1. A projectile for practice ammunition adapted for firearms, said projectile comprising an elongated disintegrating bullet formed of two parts, one part consisting of a hollow cylindrical base member of uniform exterior diameter closed at one end and open at its other end, said last named other end being provided with an outer conical surface, the other part of said bullet consisting of a hollow nose member provided with a hollow cylindricalportion of the same exterior diameter as said base member, said hollow cylindrical portion having its open end provided with an inner conical surface which engages tightly the outer conical surface on said hollow cylindrical base member, said inner conical surface being surrounded by an outwardly projecting cylindrical guide band formed integrally with said hollow nose member, said nose member having at its closed end a flat surface which merges with a circumferential convex wall into the cylindrical portion of said nose member, said united base member and nose member providing a single chamber therein having substantially the same diameter from the base member to the convex wall portion of said nose member, and a core formed of metal powder having the shape of said chamber contained within said chamber.

2. A projectile for practice ammunition adapted for firearms, said projectile comprising an elongated disintegrating bullet formed of two parts, one part consisting ,of a hollow cylindrical base member of uniform exterior diameter closed at one end and open at its other end, said last named other end being provided with an outer conical surface, the other part of said bullet consisting of a hollow nose member provided with a hollow cylindrical portion of the same exterior diameter as said base member, said hollow cylindical portion having its outer open end provided with an inner conical surface which engages tightly the outer conical surface on said hollow cylindrical base member, said inner conical surface being surrounded by an outwardly projecting cylindrical guide band formed integrally with said hollow nose member, said nose member having at its closed end a small flat central surface which merges with a circumferential convex wall into the cylindrical portion of said nose member, said united base member and nose member providing a chamber therein having substantially the same diameter from the base member to the convex wall portion of said nose member, and a core formed of metal powder having the shape of said chamber contained within said chamber, the entire interior wall surface of said hollow nose member being provided with closely spaced longitudinally extending grooves for reducing the breakage strength of the nose member and facilitating disintegration of the same immediately after the bullet has been projected.

References Cited by the Examiner UNITED STATES PATENTS 590,428 9/97 Bennett 102-38 911,591 2/09 Hoxie 102-91 1,149,830 8/15 Hoagland 102-91 2,304,152 12/42 Darden 102-52 2,345,619 4/44 Moore 102-92.5 2,365,708 12/44 Landen et al. 102-52 2,411,862 12/46 Arnold 102-67 2,991,718 7/61 Ferguson 102-91 3,000,309 9/61 Zapf 102-67 3,019,733 2/62 Braid 102-91 3,022,734 2/62 Kidder 102-95 FOREIGN PATENTS 459,590 4/ 35 Great Britain.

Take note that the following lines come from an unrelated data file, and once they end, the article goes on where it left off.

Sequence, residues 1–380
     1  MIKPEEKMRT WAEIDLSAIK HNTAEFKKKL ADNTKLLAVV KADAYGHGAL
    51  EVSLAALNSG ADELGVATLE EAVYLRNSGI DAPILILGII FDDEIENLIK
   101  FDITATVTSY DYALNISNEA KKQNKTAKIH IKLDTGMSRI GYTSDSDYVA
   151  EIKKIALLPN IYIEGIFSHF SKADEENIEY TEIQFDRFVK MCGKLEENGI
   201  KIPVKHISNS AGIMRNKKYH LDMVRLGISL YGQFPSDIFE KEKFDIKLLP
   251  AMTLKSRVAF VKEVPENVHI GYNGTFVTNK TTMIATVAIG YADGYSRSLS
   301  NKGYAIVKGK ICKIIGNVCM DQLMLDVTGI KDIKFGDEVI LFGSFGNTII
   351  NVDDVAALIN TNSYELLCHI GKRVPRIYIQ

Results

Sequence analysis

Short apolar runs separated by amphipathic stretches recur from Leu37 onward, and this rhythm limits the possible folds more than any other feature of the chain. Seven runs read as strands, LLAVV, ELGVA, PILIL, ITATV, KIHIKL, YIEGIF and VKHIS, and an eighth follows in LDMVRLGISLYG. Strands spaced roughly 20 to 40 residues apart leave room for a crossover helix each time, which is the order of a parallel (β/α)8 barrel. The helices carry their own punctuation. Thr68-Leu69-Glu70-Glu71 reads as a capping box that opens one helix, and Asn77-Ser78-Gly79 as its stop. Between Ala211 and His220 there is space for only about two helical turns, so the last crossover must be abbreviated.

776,005 10/34 France. 1,147,250 10/58 France.

264,944 2/50 Switzerland.

BENJAMIN A. BORCHELT, Primary Examiner.

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Referenced by
Citing PatentFiling datePublication dateApplicantTitle
US3242865 *Mar 18, 1964Mar 29, 1966Karlsruhe Augsburg IwekaProjectile
US3242866 *Sep 25, 1964Mar 29, 1966Richard L MalterPrimary and secondary projectile
US3289585 *Apr 23, 1965Dec 6, 1966Dynamit Nobel AgShell construction
US3338167 *Oct 21, 1965Aug 29, 1967Karlsruhe Augsburg IwekaDisintegrating training ammunition for firearms
US3433157 *Dec 30, 1966Mar 18, 1969Dynamit Nobel AgPractice projectile
US3435769 *Dec 27, 1966Apr 1, 1969Rheinmetall GmbhDisintegrating bullet for practice cartridges for small-arms or automatic weapons
US3439619 *Jul 10, 1967Apr 22, 1969DiehlPractice ammunition
US3650213 *Jun 19, 1969Mar 21, 1972Aai CorpFrangible filled-projectile ammunition
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US3898933 *Mar 21, 1973Aug 12, 1975Haut Rhin Manufacture MachinesTraining bullet for fire arms
US3951070 *Dec 6, 1973Apr 20, 1976Abraham FlatauNon-hazardous ring airfoil projectile of non-lethal material
US4522126 *Jan 11, 1984Jun 11, 1985Morton Thiokol Inc.Gun launched IR cloaking device for vehicles
US4798144 *Sep 5, 1986Jan 17, 1989Hoesch AktiengesellschaftHollow charge shell constructed as drill ammunition
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US5505137 *May 25, 1994Apr 9, 1996Manurhin DefensePractice projectile
US5880398 *Aug 20, 1997Mar 9, 1999Scientific Solutions Inc.Dual-purpose bullet
US6745698 *Feb 14, 2002Jun 8, 2004Doris Nebel Beal Inter Vivos Patent TrustProjectile jacket having frangible closed end
US6935217 *May 7, 2004Aug 30, 2005Doris Nebel Beal Inter Vivos Patent TrustProjectile jacket having frangible closed end and method of manufacture
US7121211Jun 7, 2004Oct 17, 2006Doris Nebel Beal Inter Vivos Patent TrustProjectile having frangible trailing end barrier and method
US7913626 *Jul 16, 2008Mar 29, 2011The United States Of America As Represented By The Secretary Of The ArmyKinetic energy absorber
US20040216590 *May 7, 2004Nov 4, 2004Doris Nebel Beal Inter Vivos Patent TrustProjectile jacket having frangible closed end and method of manufacture
US20040231551 *Jun 7, 2004Nov 25, 2004Doris Nebel Beal Inter Vivos Patent TrustProjectile having frangible trailing end barrier and method
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Classifications
U.S. Classification102/529
International ClassificationF42B8/14, F42B8/16, F42B8/00, F42B14/02, F42B14/00
Cooperative ClassificationF42B8/16, F42B14/02, F42B8/14
European ClassificationF42B8/14, F42B8/16, F42B14/02